So, how did people get life in the Old Testament?
3. WE HAVE MORE RIGHTEOUSNESS (9)
For if there was glory in the ministry of condemnation, the ministry of righteousness must far exceed it in glory (9).
The Old Covenant was a ‘ministry of condemnation’ whereas the New Covenant is a ‘ministry of righteousness.’ Again, this cannot mean that there was only condemnation and no righteousness in the Old Covenant, or that there is only righteousness and no condemnation in the New Covenant. It’s not a contrast between bad and good (an absolute contrast) but between good and better (a relative contrast). It’s not a contrast between darkness and light, but dawn and noon.
Righteousness was provided and given to believing sinners in the Old Testament as well as the New (Gen. 15:6), just as condemnation was announced in the New Testament as well as the Old (John 3:17). However, in terms of effects, there was more condemnation in the Old than the New, and more righteousness in the New than the Old. There were more brought to know and feel they were condemned in the Old, and more to whom righteousness was revealed in the New. More Righteousness = More Glory.
How long will this New Covenant glory last?
4. WE HAVE MORE PERMANENCE (10-11)
For if what was being brought to an end came with glory, much more will what is permanent have glory (11).
The glory that shone through Moses faded and was brought to an end (7, 11), reflecting the temporary and transient nature of the Old Covenant. Moses’s old administration of grace was temporary but Christ’s management of grace is permanent. More Permanence = More Glory.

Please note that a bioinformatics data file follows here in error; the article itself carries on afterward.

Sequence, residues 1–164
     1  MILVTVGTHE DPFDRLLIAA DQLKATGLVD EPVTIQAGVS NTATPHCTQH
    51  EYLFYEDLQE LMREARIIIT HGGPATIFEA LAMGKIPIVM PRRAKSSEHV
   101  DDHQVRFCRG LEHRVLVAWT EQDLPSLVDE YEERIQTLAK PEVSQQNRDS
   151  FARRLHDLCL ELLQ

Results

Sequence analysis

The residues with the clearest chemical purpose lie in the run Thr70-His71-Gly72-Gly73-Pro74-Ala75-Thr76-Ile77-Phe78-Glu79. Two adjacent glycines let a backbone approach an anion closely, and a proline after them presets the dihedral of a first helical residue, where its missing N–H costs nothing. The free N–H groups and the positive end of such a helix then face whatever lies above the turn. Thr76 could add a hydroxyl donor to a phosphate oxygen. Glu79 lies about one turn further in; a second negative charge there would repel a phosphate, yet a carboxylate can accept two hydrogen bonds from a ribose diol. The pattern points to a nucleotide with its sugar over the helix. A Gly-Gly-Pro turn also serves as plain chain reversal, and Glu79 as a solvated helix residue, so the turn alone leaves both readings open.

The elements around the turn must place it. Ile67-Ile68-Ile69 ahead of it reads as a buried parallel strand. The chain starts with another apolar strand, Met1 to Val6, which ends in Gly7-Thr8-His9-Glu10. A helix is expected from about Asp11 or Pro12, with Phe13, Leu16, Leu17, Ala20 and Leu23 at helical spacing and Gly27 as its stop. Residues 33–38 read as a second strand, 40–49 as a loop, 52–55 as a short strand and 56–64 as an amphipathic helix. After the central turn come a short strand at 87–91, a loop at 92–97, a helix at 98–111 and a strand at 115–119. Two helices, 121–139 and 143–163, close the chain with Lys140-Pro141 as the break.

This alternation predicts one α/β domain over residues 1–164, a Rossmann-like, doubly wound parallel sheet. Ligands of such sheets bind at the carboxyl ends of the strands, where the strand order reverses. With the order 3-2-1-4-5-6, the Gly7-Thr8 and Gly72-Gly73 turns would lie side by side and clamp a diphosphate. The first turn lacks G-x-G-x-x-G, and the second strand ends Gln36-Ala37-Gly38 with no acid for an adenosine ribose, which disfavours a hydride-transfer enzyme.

CHANGING OUR STORIES WITH GOD’S STORY
Rejoice in God’s grace and glory in the Old Testament. If there was grace and glory in the Old Testament, then we should read it, learn from it, and teach it knowing that it can make us wise for salvation through faith in Christ Jesus (2 Tim. 3:14-17). We read the Old Testament to find and enjoy the grace and glory of God in his words, acts, and people.
Rejoice more in God’s greater grace and glory in the New Testament. The New Testament is not a new ‘business’ but a new way of administering the same ‘business’ of grace. It is Grace Administration ‘Under New Management.’ It has more Spirit, life, righteousness, and permanence.
This covenant [of grace] was differently administered in the time of the law, and in the time of the gospel: under the law it was administered by promises, prophecies, sacrifices, circumcision, the paschal lamb, and other types and ordinances delivered to the people of the Jews, all fore-signifying Christ to come, which were for that time sufficient and efficacious, through the operation of the Spirit, to instruct and build up the elect in faith in the promised Messiah, by whom they had full remission of sins, and eternal salvation, and is called the Old Testament (Westminster Confession 7.5).
Under the gospel, when Christ the substance was exhibited, the ordinances in which this covenant is dispensed, are the preaching of the Word, and the administration of the sacraments of baptism and the Lord’s Supper; which, though fewer in number, and administered with more simplicity and less outward glory, yet in them it is held forth in more fullness, evidence, and spiritual efficacy, to all nations, both Jews and Gentiles; and is called the New Testament. There are not, therefore, two covenants of grace differing in substance, but one and the same under various dispensations (Westminster Confession 7.6).
Gracious and glorious God, thank you for the greater grace and glory of this time. Help me to find more grace and give you more glory.
1. What role has the Old Testament had in your Christian life?
2. How has this sermon changed the way you view and read the Old Testament?
3. Why are we so tempted to trust in law rather than grace?
4. How does more grace bring more glory to God?
5. How does Luke 12:48 relate to this passage and your life?
6. How did the sections from the Westminster Confession of Faith teach you?